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Boulder County Disaster - Six Months Later

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DENVER – On December 30, 2021, hurricane force winds fueled the largest urban wildfire in Colorado history. The Marshall Fire burned 6,000 acres and destroyed more than 1,000 homes. The next day, President Biden approved federal disaster assistance for Boulder County.

More than $30 million from FEMA’s Public Assistance program has been provided to Boulder County and its communities. Most of the aid has been for debris removal efforts.  Funds have also been provided for emergency response actions related to evacuations and debris removal, in addition to permanent repairs. There is a 90 percent federal cost share for the program. 

FEMA Individual Assistance has paid $1,962,368 to Boulder County households. The program provides aid to ensure individuals are in safe housing and address critical unmet needs. FEMA also funded a crisis counseling program to support the behavioral health needs in the community.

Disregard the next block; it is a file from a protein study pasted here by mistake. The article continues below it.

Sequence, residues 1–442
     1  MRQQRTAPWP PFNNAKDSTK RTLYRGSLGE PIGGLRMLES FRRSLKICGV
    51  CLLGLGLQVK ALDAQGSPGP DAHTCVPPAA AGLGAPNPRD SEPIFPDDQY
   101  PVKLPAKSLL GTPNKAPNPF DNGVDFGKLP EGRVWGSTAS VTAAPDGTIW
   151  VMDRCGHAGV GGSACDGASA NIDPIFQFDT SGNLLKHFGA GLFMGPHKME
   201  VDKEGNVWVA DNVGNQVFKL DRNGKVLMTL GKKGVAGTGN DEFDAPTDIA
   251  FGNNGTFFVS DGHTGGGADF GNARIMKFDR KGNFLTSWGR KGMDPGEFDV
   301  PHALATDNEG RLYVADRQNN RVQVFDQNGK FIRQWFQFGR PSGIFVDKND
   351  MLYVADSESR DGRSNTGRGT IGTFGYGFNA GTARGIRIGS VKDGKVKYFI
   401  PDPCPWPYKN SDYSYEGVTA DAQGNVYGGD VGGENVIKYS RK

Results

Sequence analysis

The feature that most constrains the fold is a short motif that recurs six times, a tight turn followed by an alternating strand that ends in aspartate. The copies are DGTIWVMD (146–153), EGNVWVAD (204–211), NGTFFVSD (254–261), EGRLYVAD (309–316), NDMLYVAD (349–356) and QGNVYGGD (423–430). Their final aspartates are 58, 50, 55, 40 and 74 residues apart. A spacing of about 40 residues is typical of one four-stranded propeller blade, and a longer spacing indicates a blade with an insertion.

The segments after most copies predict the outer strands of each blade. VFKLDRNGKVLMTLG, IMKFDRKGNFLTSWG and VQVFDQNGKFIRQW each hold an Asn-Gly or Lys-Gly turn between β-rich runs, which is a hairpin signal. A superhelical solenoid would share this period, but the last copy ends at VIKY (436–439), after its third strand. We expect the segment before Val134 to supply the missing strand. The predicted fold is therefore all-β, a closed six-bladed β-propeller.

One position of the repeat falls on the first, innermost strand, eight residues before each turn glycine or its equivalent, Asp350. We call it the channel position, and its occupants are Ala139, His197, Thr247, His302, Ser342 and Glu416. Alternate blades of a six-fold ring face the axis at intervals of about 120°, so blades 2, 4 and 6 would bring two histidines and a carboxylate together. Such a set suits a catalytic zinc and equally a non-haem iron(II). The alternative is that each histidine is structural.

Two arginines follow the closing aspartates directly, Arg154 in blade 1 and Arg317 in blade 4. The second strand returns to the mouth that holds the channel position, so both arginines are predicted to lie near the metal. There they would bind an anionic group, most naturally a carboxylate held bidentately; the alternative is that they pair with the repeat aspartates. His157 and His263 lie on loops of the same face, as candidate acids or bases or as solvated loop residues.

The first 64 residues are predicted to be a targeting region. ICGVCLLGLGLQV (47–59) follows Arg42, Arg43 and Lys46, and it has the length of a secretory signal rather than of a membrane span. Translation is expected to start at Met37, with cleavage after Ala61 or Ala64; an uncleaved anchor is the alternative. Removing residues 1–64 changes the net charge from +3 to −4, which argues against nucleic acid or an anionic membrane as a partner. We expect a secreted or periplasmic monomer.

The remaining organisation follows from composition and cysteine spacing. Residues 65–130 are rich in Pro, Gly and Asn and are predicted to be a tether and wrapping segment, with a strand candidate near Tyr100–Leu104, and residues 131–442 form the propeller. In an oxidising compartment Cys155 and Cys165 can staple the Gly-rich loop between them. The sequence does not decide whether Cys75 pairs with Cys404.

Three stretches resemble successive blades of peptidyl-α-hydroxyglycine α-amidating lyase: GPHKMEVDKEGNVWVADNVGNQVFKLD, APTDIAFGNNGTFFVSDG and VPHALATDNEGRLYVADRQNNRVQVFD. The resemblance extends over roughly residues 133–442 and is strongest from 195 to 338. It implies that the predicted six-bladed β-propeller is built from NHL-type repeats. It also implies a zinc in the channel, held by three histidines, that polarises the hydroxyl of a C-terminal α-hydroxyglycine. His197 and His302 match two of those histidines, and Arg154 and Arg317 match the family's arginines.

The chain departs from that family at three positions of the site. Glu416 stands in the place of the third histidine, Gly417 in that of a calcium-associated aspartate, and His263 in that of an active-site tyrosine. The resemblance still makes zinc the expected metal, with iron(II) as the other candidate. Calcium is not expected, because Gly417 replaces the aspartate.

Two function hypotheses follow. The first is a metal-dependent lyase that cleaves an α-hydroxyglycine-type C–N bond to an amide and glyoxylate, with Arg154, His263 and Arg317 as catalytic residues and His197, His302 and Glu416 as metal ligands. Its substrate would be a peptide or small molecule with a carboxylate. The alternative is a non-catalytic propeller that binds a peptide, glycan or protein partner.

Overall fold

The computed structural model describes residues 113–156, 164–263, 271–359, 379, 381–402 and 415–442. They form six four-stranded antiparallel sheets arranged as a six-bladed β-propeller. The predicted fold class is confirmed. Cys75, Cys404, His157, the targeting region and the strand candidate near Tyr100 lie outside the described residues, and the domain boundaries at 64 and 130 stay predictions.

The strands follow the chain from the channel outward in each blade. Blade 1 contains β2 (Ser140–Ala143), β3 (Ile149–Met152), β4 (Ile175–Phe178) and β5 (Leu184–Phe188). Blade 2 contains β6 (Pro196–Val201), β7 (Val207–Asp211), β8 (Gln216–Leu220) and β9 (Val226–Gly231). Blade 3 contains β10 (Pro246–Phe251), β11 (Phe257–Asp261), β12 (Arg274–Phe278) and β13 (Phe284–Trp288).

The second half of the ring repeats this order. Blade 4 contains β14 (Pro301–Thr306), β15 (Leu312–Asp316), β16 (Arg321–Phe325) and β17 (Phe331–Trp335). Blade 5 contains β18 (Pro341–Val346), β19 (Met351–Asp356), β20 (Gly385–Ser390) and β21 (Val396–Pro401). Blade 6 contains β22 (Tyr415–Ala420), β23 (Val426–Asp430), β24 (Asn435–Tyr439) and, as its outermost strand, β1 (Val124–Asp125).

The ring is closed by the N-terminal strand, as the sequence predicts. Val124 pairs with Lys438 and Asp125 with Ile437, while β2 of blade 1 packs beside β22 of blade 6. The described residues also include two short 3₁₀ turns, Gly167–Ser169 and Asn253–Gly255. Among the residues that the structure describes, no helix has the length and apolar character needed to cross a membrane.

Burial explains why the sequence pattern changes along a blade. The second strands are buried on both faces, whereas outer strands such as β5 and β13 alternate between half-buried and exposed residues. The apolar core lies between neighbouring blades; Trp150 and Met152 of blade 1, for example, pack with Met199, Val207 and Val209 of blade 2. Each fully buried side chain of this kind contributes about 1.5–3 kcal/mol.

To lessen the impact of future wildfires, FEMA brought in a Mitigation Assessment Team.  The team assessed post-fire conditions and building performance and will make recommendations on improving building codes. This work will influence wildfire mitigation nationwide and help survivors to repair, retrofit, or rebuild safer & stronger. Learn how, find resources, & speak to a specialist. 833-FEMA-4-US (833-336-2487) or email  

Funds have been set aside for the Hazard Mitigation Grant Program.  These serve as federal matching funds to support mitigation projects selected by the state.  Communities statewide are eligible to apply for the program.

The Small Business Administration (SBA) provided low-interest disaster loans to businesses and individuals to help with funding their recovery.  SBA has approved $96,165,700 in loans to homeowners and $7,367,200 for businesses, for more than $103 million dollars to assist survivors.